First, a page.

Mark Udall thanked the Environmental Protection Agency for standing with him and Good Samaritans today by issuing a new policy to give groups additional protections as they help clean up the more than 7,000 abandoned hard rock mine sites located in Colorado and thousands more throughout the West. Today's announcement follows more than decade's work on Udall's part to unleash the power of local groups and volunteers who want to help clean up old mine site.
"This new policy, which follows a multiyear effort I led, is welcome news for my constituents and Good Samaritans everywhere. Abandoned mines in Colorado and across the West threaten our waterways and the environment," Udall said. "I am glad the EPA has partnered with me to develop this policy, which will free up Good Samaritans -- like Trout Unlimited, the Animas River Stakeholders Group and the Willow Creek Reclamation Committee -- to help protect our streams, waterways and drinking supplies. We still have work to do to address these abandoned mines, but this is a welcome step in the right direction that will unleash the power of local groups and volunteers."
Specifically, the policy clarifies that:
Good Samaritan agreements with EPA can include extended time periods for monitoring or other activities, thereby extending the legal liability protections contained in the agreement; and, Good Samaritans are generally not responsible for obtaining a Clean Water Act permit during or after a successful cleanup conducted according to a Good Samaritan agreement with EPA.
"I commend the EPA and Administrator Lisa Jackson for joining with me to leverage the resources of groups committed to cleaning up abandoned mine pollution. This policy clearly demonstrates their desire to protect Western watersheds. I look forward to working with Good Samaritans to evaluate the effectiveness of these clarifications and determine if other improvements are needed," Udall said. "In the meantime, I plan to continue to work to secure additional federal funds for mine reclamation and the cleanup of abandoned mines."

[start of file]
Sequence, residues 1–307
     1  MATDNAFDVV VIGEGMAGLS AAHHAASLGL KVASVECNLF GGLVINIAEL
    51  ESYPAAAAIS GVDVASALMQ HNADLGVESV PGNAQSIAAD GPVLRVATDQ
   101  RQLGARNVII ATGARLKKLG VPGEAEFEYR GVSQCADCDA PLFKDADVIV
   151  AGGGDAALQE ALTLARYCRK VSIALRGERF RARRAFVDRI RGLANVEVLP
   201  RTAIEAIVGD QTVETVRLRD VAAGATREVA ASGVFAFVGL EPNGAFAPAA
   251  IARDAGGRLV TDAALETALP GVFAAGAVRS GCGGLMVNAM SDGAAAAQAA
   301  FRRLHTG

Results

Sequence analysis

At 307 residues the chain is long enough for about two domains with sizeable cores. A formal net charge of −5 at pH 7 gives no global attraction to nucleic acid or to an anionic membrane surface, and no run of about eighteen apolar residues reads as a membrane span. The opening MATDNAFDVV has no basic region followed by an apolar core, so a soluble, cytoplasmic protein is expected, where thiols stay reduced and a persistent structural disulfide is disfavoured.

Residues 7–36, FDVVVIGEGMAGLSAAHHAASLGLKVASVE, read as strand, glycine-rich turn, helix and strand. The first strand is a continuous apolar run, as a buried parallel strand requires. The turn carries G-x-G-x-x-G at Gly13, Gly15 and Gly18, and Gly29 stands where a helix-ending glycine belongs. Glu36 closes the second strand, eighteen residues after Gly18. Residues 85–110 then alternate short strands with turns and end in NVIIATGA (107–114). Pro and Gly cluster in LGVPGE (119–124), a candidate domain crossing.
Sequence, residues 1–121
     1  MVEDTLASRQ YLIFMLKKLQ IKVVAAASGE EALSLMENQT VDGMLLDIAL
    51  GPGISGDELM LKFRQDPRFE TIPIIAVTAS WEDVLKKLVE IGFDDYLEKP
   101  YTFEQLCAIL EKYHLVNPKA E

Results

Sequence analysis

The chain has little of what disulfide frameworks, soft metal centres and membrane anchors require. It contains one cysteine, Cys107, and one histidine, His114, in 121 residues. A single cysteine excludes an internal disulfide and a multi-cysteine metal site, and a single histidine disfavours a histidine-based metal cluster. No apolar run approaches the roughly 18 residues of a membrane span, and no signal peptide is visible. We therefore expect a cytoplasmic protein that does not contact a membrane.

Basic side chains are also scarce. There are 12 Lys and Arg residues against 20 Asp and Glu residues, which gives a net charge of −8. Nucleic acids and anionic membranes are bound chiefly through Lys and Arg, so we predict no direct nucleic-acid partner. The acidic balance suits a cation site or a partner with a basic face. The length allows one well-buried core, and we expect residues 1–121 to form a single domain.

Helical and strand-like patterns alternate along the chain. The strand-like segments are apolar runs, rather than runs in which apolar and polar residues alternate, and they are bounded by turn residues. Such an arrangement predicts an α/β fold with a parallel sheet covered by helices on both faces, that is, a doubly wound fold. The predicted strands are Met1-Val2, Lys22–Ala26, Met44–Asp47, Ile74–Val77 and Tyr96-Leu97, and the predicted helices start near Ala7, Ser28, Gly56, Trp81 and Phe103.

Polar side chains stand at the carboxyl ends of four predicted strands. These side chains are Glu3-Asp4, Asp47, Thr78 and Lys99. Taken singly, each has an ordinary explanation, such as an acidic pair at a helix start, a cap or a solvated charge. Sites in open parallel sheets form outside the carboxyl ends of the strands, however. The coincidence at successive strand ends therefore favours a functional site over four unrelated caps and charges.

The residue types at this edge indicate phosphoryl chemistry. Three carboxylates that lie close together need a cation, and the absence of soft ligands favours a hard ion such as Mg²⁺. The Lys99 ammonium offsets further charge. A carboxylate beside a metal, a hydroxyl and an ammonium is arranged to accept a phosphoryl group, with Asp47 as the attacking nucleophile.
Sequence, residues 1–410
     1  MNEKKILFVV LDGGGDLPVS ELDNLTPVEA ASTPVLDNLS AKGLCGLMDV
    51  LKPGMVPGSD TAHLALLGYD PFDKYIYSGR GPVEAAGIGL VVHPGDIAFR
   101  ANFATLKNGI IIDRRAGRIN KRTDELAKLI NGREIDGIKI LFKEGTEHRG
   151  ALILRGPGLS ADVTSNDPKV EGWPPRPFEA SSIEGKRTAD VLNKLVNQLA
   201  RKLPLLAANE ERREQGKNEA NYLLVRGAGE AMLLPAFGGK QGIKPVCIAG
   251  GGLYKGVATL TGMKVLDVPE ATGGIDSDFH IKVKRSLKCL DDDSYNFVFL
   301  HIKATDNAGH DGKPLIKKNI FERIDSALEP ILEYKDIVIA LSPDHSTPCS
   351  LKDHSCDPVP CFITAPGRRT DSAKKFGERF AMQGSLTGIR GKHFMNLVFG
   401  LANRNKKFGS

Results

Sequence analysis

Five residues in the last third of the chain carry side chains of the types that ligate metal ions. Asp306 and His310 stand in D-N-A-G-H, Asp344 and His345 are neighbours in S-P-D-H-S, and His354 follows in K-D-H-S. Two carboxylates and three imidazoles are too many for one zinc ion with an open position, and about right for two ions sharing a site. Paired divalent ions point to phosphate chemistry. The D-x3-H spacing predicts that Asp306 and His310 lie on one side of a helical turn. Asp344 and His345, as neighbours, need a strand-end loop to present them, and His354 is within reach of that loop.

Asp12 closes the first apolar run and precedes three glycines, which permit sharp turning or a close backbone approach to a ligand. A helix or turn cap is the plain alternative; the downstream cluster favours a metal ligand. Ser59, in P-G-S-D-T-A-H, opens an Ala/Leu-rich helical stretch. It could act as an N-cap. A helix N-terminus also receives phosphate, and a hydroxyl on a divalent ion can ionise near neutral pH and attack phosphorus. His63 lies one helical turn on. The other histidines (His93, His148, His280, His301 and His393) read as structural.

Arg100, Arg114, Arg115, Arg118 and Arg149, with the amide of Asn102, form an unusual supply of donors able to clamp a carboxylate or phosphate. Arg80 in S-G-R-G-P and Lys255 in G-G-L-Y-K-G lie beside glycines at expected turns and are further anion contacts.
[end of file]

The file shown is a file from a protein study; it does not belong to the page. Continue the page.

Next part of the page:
"Abandoned mines represent the single-greatest, least-understood threat to clean water and fish in the West," said Chris Wood, president and CEO of Trout Unlimited. "The otherwise outstanding laws of our land, the Clean Water Act and Superfund, actually prevent third parties -- Good Samaritans -- from entering into cleanup projects because of the liability risks they place on would be helpers, such as Trout Unlimited. Today we commend EPA for taking this important step to provide appropriate protection for Good Samaritans, and we applaud Sen. Udall's efforts to get this problem fixed."
Udall, who serves on the Senate Energy and Natural Resources Committee, has been one of the leading voices in Congress on cleaning up and remediating abandon mine sites since he joined Congress in 1999. The EPA's memo stems from Udall's work over the past two years to find a way to give Good Samaritans additional protections as they continue their important work.
Udall also recently visited a mine site in San Juan County to hear about how additional legal certainty for Good Samaritans would help local groups remediate mines.
Last month Udall implored the U.S. House of Representatives to take up the legislation he co-sponsored that will allow Colorado and other states more flexibility in utilizing federal funds to clean up abandoned hard rock mining sites. The legislation, S.897, would allow states like Colorado to use funds that were previously only available for the reclamation of coal mines to be used for hard rock mines as well.